Texas Treasure Fields, Inc. v. Tommy Ford, et al.
This case involved the largest residential fire loss in American history with $44.5 million in claimed damages. In July 2002, a fire destroyed a 72,000 square foot house located in Dallas, Texas. The house had been under construction for several years and was 90-95% completed. Prior to the fire, it was listed for sale for $44.9 million.
Plaintiffs (the homeowners) held policies with three insurance companies totaling $25 million which were eventually paid out in full as a result of the fire. HPY’s client, a Fortune 500 manufacturer and retailer of varnish alleged to have caused the fire, was sued by both the homeowners for damages in excess of the insurance proceeds and by the three insurance companies for subrogation. Plaintiffs sued HPY’s client for strict product liability (marketing defect) for failure to warn including allegations under the Federal Hazardous Substances Act (FHSA), application regulations (C.F.R.s) established by the Consumer Product Safety Commission and the Texas Health and Safety Code; negligence; and breach of implied warranties.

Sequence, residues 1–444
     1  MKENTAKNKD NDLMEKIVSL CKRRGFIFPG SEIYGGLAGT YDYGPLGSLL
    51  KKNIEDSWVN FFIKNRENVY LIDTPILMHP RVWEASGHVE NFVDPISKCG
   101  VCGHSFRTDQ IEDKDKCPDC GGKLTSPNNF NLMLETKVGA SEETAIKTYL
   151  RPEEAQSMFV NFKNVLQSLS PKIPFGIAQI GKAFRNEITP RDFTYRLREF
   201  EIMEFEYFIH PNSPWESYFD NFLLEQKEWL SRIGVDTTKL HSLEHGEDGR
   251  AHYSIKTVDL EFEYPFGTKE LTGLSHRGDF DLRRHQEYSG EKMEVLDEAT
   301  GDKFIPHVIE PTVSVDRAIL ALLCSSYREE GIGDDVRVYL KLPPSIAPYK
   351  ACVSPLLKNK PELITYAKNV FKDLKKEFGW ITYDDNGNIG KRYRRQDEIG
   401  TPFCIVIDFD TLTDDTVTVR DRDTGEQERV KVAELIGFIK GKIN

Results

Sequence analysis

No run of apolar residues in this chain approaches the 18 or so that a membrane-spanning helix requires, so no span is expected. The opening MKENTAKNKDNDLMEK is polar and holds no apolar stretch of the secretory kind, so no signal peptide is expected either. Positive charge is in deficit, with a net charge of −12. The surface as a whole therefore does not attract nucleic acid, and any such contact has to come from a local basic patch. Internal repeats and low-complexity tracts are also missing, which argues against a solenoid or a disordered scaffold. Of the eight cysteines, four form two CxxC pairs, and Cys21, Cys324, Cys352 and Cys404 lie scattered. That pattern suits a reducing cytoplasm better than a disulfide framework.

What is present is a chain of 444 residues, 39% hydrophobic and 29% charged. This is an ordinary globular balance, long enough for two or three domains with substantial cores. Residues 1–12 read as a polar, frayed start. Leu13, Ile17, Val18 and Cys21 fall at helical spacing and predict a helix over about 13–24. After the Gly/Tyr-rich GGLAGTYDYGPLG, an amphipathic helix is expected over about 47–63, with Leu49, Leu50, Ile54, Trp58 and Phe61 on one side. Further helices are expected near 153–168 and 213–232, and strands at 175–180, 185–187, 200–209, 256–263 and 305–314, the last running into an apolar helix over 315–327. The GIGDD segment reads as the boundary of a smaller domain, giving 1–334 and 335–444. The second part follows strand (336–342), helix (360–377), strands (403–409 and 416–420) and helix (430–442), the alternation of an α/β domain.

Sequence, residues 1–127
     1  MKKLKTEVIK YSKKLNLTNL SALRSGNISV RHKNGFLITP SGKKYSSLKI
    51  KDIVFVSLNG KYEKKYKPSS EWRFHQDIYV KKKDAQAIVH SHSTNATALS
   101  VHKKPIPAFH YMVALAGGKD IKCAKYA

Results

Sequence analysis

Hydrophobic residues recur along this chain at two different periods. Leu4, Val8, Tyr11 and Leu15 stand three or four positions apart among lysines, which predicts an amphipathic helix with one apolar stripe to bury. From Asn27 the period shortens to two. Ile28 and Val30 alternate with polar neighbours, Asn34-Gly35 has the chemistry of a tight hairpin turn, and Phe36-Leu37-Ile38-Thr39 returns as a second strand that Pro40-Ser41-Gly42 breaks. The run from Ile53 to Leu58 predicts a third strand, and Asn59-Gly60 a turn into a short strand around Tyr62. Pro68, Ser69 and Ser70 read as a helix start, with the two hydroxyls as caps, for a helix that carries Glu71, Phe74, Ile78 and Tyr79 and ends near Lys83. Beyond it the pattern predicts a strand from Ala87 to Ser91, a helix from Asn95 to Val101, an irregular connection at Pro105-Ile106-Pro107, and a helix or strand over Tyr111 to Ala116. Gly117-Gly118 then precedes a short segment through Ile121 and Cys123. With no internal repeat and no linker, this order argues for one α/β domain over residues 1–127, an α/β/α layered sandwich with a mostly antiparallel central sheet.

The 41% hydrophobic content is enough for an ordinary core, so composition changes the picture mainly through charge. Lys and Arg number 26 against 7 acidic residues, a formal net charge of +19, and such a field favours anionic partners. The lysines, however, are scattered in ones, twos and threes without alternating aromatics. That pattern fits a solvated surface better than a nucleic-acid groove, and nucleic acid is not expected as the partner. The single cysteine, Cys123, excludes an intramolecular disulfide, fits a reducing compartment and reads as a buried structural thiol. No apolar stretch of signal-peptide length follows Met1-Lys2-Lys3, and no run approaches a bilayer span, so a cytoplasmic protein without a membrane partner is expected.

Plaintiffs’ theory of liability against HPY's client was that electrical sparking in the attic ignited solvent vapors from HPY's client's varnish product and caused the fire. One day before the fire, a flooring contractor applied a large quantity of varnish and let it sit overnight without adequate ventilation. To explain their causation theory, one of Plaintiffs’ experts relied on the concept of fractional distillation, a process traditionally occurring only in laboratory settings whereby a product’s lighter chemicals are separated out and are able to move independently through the atmosphere. But in his deposition, the expert opined that the product at issue spontaneously underwent fractional distillation, certain chemicals migrated into the property’s HVAC system and condensed, then later re-vaporized and were ignited by an incendiary arc from the electronic air cleaner. HPY's client countered that the product was properly labeled pursuant to the FHSA and that its flash point made Plaintiffs’ theory of causation scientifically impossible.
After massive discovery efforts, including more than 100 fact and expert depositions, the trial was set to begin on April 19, 2006. On the eve of trial, Plaintiffs accepted a nuisance value settlement and dismissed the case.